SSX, the Deadly Descents version, featured a new credit system that powered everything in the game. You bought boards with credits, won credits in events, and even used them to enter into special races. The system itself was tranquil enough and worked without many problems, at least enough to not illicit any complaints; that is, until you mixed in the loot system designed for the boards. Before every match a random allotment of boards, and sometimes gear, with their own unique stats and bonuses would be available for purchase. Sometimes super rare boards with astounding stats would pop up, usually with a timer attributed to them. In my own experience the counter was pointless because even if I blazed through a track, the timed sale would no longer be there regardless of how much time was actually left. But you could, if you wanted, purchase a few thousand credits for a dollar or two. The new loot and micromanagement options were placed on the same screen, extra convenient if you were just a few shy of an amazing new piece of gear.

Obviously I could earn some more credits and hope to see another epic board on another track, but there is a catch there too. Earning enough credits to buy one of these boards in the single player game is nigh impossible. The more expedient way to accomplish this task is to enter into one of the special events on the globe. The way these work is that you pay a certain amount of credits, which are placed into the event pot, to participate in a worldwide race or trick session and try to rack up the best score possible. You can try over and over again until you are happy with you placement and, once the event timer ends, will be given a lump sum of credits based on your score in relation to every other player.

The problem is that most players that enter in their credits fail to even hit the required rank to break even. These runs also usually feature some extra requirement, artificially enhancing the difficulty to such a degree that even seasoned SSX players could have trouble reaching a middling rank. So you are broke now, you have wasted the past hour doing a run over and over, and you know that epic headlamp is coming; what do you do? Well you have two options, grind in the single player for more credits, or you can join the free world events. But if you thought the pay events were hard, just wait until you try and beat the average score of nearly every SSX player. You are not going to do it on your first, your second, or even your fifth try. So grind here, grind there, it does not really matter, your time is now being wasted doing the same tedious runs just one more time, that is, unless you pay a little more money to save some of your own time.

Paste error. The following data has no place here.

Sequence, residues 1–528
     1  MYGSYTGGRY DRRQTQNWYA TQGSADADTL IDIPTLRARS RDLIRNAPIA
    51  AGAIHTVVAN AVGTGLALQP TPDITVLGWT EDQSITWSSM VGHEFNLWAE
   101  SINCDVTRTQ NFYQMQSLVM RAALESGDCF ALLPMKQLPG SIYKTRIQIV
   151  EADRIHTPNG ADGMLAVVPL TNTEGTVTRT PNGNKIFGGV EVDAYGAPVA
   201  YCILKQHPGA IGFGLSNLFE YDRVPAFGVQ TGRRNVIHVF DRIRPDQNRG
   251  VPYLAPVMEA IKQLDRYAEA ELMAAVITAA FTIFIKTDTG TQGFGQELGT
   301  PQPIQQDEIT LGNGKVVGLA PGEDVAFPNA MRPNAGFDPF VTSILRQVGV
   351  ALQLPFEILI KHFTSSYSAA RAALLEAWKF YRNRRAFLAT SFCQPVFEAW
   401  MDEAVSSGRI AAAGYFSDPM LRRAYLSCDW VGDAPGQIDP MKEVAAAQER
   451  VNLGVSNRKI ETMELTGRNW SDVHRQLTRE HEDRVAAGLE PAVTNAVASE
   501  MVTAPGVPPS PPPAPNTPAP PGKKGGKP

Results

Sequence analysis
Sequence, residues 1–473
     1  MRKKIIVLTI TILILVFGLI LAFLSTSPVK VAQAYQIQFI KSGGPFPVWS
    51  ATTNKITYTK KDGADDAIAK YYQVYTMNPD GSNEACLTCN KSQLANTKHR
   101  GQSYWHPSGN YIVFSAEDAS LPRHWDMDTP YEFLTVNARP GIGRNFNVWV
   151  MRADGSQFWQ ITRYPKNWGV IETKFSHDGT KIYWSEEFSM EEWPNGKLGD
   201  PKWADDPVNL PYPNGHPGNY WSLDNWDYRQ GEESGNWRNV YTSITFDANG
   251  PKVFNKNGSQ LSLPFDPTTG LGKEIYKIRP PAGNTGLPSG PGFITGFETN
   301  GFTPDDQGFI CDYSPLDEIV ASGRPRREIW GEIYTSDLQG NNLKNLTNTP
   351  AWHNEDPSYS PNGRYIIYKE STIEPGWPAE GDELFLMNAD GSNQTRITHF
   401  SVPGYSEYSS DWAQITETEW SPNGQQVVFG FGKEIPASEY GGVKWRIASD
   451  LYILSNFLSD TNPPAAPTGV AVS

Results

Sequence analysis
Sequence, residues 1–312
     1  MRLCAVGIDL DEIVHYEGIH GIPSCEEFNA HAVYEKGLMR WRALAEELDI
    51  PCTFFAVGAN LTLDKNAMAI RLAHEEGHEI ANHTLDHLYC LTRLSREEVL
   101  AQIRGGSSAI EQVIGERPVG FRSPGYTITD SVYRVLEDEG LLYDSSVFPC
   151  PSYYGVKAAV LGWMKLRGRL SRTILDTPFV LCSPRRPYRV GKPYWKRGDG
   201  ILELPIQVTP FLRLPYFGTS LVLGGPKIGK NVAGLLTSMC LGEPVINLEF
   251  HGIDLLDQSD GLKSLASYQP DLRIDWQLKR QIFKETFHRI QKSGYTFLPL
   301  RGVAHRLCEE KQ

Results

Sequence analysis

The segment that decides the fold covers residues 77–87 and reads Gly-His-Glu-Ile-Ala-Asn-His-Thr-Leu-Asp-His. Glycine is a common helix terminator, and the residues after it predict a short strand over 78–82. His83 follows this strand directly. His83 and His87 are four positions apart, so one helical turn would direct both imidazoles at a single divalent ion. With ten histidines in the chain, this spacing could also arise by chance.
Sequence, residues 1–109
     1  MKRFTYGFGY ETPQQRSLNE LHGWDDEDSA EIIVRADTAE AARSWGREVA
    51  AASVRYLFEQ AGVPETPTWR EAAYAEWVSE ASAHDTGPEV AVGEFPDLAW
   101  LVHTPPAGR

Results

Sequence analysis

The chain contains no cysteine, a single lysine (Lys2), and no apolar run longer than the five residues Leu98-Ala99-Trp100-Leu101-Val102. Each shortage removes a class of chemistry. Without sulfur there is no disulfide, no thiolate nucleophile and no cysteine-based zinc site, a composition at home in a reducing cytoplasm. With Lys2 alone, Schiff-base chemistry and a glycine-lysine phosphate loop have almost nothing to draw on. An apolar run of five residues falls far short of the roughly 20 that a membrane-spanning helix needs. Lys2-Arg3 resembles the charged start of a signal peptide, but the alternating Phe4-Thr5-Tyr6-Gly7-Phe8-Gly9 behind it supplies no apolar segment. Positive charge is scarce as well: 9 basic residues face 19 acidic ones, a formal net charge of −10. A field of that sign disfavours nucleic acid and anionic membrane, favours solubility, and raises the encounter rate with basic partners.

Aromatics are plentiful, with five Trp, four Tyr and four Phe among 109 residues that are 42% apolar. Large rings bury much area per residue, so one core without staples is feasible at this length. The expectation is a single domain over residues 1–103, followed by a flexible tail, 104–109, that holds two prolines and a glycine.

It is expertly balanced to create inconvenience for beginner players, who will never rank in the world events because their gear can not match the high level players. And to also send the higher level players into time wasting credit runs. With the ability to circumvent what would normally be accepted game mechanics, EA has effectively put a price tag to my time. If the microtransactions were not offered, then grinding for credits might just be considered part of the game, but as they are, it is hard not to see the credit runs as anything more than a barrier to the new shiny loot, and the increase in playability that comes with that loot.


So forgive me, after that experience, if I am immediately put off on the idea of Greedium being placed into another of my favorite franchises. I also do not use that term without cause, I have 100% completed a minimum of one character in SSX 1, 2, and 3. The same goes for the Dead Space series of which I have played every game, including Ignition, watched every movie, and am currently reading the first book. When I get into a series, I get into it with fiery fervor. Which also means that when something goes wrong, I respond with the same fire.